People who live in towns along Ethiopia’s border with Eritrea are not worried about another war. Even though UNMEE peacekeeping troops pulled out in August and opposing armed military forces face one another, life in these towns is quiet, too quiet.
The big problem in Zalambesa and other towns near the long-disputed border is severe economic hardship brought on by drought, escalating food prices and eight years of a failing local economy, say students, merchants and priests who talked to VOA’s Girmay Gebru recently.
Residents of Zalambesa said these remote community have been cut off from the rest of the country and from their neighbors to the north, and their businessed have suffered. They said shopkeepers can’t run their businesses and the local economy is in critical condition. These towns are remote and as long as the border between the two countries remains closed, businesses are doomed.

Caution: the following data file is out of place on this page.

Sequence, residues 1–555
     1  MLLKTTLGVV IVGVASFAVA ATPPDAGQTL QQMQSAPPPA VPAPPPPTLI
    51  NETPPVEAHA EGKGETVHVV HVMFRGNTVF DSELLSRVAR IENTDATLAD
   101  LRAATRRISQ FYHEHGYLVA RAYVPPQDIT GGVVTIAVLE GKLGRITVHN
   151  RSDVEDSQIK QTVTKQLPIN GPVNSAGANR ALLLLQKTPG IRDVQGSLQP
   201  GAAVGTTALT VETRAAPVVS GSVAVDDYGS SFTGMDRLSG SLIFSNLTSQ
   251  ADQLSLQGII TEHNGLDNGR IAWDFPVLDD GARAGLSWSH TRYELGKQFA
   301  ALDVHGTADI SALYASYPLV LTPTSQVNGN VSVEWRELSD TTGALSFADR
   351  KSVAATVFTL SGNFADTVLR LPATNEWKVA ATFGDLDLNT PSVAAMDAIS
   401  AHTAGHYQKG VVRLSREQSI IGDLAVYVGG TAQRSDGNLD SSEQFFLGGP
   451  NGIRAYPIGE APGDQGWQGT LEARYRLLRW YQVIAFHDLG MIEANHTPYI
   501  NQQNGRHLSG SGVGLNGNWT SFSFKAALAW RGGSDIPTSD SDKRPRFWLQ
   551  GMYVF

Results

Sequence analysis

Tsega Baraki, a business woman in Zalambesa, said she and other traders in the area bought teff, wheat and other commodities but they can’t sell them.
“People don’t have the capacity to buy food so that everyone is living having the food aid from the government.” She said it’s difficult to buy wheat at 630 birr a quintal, and teff at 980 birr. “The only thing we need is peace. We need it very badly and it is in the hands of both governments,” said Tsega.
Tirhas Hagos, who also lives in Zalambesa, said “Because of scarcity of rain in the area, there will be drought risk.” She added that the federal government has not yet started to sell lower-priced wheat in local kebeles.
“We need peace from both governments,” said Ato Kiros Gebremedhin one of the elders in Zalambesa. “Economic recovery in the town is unthinkable unless there is peace and normalization between Ethiopia and Eritrea.”